Transparency of decision-making in the Council of the European Union Contents

Summary

Many UK laws and measures include obligations derived from EU law. We think it right that UK citizens should be able to understand how these laws are made. Our short inquiry considered how transparent the law-making process is, with a specific focus on decision-making in the Council, where UK Ministers meet with their counterparts from other Member States to adopt laws. The evidence we received emphasised the extent to which the Council and its preparatory bodies work by negotiation. While some witnesses called for greater transparency, others warned of the need to preserve the integrity of the decision-making process, and maintain a safe space for discussion and negotiation.

It is clear that we are not the only body concerned about the transparency of the EU legislative process. Not only is the European Ombudsman investigating the transparency of the negotiations between the Council and the European Parliament with the assistance of the European Commission (“trilogues”), the European institutions themselves have recently reached agreement on measures to improve transparency. We see the implementation of this new Interinstitutional Agreement on Better Law-Making to be an opportunity to take into account the issues that we have identified, including:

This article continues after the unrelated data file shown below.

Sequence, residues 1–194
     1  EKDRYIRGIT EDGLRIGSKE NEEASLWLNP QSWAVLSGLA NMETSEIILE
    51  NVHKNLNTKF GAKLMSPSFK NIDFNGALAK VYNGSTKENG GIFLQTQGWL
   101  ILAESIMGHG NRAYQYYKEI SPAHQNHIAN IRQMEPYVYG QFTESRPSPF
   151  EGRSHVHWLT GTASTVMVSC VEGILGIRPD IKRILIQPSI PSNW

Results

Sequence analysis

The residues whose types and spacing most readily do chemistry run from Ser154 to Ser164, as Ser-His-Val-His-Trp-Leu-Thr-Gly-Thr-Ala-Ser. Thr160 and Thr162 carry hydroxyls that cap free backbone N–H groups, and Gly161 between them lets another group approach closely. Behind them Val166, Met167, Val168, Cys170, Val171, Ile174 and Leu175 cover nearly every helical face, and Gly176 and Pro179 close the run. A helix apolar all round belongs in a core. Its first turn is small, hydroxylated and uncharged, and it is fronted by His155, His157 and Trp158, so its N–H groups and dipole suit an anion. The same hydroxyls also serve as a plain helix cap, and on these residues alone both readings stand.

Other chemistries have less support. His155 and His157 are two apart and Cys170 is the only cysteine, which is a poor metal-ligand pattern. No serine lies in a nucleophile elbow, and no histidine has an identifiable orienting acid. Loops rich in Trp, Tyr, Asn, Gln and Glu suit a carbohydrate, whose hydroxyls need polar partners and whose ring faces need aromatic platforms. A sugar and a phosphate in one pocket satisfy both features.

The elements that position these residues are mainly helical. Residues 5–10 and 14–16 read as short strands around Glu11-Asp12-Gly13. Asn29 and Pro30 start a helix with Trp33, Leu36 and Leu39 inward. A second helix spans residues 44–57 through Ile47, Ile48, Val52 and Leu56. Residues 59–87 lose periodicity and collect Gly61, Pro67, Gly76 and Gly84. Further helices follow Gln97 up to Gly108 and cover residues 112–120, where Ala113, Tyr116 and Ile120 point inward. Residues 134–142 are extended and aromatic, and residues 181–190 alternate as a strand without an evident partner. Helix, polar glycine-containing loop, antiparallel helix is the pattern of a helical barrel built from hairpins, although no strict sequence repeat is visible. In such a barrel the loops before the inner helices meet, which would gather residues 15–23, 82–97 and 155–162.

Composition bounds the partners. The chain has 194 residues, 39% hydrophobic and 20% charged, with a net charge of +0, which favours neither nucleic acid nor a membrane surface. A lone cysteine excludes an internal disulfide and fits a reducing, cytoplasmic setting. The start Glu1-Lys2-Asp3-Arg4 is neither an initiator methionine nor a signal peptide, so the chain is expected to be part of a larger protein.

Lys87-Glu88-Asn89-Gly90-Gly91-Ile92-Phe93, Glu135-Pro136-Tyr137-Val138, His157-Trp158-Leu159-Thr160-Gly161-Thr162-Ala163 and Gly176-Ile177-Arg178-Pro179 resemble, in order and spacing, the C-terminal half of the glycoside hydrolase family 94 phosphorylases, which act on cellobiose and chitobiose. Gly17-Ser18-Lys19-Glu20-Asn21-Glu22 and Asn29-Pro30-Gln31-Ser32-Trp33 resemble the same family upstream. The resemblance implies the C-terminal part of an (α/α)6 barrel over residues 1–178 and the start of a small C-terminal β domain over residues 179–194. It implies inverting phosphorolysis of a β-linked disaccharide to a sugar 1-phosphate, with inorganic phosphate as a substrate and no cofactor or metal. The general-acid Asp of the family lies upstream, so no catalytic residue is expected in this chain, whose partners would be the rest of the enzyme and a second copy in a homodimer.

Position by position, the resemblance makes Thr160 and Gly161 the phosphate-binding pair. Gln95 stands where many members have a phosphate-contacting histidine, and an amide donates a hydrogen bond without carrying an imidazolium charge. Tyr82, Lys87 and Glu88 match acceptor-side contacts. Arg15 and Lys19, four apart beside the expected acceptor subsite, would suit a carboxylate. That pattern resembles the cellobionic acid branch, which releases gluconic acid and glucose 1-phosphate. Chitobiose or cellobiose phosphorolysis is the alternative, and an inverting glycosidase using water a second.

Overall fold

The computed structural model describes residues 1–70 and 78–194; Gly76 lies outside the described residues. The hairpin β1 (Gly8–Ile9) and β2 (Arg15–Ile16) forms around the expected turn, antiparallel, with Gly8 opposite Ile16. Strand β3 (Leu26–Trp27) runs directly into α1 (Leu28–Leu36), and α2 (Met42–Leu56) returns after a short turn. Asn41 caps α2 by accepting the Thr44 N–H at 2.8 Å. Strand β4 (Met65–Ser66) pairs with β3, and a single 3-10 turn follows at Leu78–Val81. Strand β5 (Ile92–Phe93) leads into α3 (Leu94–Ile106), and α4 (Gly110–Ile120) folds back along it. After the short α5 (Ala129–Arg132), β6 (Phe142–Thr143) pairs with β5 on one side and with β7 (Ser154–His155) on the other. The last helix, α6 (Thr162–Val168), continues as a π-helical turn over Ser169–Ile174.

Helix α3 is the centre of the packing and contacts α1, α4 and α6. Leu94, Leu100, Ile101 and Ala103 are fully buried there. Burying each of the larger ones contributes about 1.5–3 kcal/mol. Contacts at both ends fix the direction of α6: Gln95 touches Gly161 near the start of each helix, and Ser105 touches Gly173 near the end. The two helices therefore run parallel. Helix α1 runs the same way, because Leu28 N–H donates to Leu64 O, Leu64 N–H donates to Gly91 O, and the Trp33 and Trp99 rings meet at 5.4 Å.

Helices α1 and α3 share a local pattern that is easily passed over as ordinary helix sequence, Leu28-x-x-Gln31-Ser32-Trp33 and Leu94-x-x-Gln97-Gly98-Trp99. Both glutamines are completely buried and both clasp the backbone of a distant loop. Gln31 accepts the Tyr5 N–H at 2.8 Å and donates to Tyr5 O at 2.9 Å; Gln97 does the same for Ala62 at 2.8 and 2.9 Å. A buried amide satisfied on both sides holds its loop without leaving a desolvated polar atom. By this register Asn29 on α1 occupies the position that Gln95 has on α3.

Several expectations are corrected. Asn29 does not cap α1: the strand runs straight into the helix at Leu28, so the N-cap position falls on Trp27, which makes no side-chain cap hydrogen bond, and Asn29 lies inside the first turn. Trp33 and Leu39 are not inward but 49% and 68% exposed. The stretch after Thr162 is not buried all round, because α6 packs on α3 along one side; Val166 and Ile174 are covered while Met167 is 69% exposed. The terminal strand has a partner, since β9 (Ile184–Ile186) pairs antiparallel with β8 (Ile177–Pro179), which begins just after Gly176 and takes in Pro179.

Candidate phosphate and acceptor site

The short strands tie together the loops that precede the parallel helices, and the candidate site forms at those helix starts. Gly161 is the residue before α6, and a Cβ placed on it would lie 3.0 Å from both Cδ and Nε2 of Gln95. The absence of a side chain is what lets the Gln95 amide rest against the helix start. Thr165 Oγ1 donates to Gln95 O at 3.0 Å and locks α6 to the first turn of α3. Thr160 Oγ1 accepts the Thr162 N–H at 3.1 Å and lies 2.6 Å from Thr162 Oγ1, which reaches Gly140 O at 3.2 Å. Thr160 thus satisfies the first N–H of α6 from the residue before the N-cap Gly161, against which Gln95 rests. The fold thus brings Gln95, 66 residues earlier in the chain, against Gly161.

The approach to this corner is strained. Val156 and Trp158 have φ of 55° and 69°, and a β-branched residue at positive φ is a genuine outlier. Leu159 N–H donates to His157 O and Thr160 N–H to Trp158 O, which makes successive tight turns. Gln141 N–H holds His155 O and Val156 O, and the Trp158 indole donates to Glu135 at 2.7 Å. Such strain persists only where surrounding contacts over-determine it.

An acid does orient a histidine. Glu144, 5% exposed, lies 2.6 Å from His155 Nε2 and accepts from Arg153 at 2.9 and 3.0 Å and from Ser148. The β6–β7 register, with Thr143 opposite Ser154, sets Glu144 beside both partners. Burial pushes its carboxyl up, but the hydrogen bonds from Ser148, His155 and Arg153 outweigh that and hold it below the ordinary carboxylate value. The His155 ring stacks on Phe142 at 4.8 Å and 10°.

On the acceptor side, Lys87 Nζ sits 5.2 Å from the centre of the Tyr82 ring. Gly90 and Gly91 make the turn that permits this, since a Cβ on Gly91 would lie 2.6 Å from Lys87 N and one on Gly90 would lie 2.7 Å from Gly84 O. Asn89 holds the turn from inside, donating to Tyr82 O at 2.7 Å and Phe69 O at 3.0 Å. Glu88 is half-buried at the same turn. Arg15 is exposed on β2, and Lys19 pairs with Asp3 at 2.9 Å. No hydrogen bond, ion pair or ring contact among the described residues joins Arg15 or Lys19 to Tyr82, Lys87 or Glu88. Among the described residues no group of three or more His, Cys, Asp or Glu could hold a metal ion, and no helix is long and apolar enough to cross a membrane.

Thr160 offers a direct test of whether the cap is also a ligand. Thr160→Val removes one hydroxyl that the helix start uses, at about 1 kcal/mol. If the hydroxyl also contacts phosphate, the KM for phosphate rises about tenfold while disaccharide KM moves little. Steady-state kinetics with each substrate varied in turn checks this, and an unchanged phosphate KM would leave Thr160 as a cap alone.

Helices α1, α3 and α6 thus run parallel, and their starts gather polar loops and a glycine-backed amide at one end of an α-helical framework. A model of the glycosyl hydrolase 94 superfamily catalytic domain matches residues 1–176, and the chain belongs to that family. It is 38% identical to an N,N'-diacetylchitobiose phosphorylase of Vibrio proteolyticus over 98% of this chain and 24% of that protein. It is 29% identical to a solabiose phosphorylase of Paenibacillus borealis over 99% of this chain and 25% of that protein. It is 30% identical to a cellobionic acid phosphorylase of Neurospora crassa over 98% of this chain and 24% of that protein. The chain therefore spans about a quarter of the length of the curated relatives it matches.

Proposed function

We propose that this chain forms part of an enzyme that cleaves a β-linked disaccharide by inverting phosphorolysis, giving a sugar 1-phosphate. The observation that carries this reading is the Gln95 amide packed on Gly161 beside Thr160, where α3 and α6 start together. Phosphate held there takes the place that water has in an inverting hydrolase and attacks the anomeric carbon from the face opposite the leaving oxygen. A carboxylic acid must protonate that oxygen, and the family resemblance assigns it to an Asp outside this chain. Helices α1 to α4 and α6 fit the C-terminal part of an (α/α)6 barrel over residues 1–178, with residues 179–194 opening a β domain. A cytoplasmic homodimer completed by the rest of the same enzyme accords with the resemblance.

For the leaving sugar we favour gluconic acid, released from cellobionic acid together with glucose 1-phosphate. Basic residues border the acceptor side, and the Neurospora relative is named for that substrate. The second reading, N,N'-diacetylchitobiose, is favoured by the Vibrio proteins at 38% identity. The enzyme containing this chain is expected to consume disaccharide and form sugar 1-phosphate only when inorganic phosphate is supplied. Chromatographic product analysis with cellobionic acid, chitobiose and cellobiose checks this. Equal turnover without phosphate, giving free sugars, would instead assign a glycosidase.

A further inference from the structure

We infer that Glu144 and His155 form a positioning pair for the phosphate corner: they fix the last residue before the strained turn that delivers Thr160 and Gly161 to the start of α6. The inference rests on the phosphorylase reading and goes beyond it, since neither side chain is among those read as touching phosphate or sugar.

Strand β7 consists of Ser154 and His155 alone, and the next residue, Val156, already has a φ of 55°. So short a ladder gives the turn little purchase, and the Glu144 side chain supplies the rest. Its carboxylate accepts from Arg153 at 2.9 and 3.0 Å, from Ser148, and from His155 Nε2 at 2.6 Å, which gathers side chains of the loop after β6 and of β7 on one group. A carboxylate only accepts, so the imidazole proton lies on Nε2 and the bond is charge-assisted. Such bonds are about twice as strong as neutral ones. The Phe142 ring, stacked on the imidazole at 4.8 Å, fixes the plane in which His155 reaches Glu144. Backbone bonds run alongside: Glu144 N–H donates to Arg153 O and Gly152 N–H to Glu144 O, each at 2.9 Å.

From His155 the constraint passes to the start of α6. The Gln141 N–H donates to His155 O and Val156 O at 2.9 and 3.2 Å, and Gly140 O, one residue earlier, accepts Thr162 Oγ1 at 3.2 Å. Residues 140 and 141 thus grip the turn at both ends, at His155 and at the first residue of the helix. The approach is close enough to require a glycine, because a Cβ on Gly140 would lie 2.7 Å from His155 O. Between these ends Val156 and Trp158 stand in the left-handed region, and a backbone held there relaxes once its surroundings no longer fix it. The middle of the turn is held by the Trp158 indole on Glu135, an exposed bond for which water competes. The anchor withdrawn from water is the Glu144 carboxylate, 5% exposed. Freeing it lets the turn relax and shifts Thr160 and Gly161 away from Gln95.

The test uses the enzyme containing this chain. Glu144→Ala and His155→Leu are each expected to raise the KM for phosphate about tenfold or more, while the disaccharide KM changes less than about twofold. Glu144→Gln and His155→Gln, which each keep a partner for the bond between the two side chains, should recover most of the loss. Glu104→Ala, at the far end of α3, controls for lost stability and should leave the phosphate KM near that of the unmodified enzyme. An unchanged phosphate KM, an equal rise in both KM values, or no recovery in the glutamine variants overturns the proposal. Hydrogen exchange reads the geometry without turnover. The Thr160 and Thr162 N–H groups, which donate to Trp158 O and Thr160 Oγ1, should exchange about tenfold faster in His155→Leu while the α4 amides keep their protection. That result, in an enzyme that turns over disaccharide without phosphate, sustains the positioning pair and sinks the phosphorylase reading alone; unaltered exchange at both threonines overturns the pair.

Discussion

We consider that actions to improve the transparency and accountability of decision-making in the Council should be addressed not only centrally by the European institutions but by the Government and by the House of Commons as a national parliamentary chamber responsible for scrutinising the Government’s position in the Council.

If the referendum results in a vote to remain in the European Union, it is likely that we will revisit proposals for scrutiny reform made in the last Parliament. As part of that process, we will explore further with the Government how the transparency of the EU legislative process might be improved, whether by changes in the Government’s release of information, and by changes in the scrutiny system.





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24 May 2016